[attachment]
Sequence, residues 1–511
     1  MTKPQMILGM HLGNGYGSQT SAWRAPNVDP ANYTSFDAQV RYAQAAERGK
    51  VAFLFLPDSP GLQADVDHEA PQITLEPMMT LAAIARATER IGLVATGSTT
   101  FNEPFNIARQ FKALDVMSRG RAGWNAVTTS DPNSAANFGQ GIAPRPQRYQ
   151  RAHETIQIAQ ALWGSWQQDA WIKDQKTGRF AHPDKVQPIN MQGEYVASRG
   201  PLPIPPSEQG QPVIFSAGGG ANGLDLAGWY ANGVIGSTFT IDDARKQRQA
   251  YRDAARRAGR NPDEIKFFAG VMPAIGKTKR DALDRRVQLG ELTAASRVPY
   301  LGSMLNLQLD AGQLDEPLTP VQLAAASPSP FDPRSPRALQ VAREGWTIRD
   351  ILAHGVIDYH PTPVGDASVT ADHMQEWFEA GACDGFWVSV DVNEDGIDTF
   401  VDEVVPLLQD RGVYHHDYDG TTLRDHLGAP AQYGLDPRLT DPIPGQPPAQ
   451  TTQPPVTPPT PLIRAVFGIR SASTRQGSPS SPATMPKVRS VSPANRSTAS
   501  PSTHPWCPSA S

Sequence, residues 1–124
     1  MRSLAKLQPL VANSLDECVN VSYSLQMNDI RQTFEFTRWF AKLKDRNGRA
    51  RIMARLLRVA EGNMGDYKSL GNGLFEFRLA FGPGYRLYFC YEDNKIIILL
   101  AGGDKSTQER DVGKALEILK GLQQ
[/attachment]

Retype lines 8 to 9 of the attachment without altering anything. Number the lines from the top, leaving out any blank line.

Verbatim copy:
   301  LGSMLNLQLD AGQLDEPLTP VQLAAASPSP FDPRSPRALQ VAREGWTIRD
   351  ILAHGVIDYH PTPVGDASVT ADHMQEWFEA GACDGFWVSV DVNEDGIDTF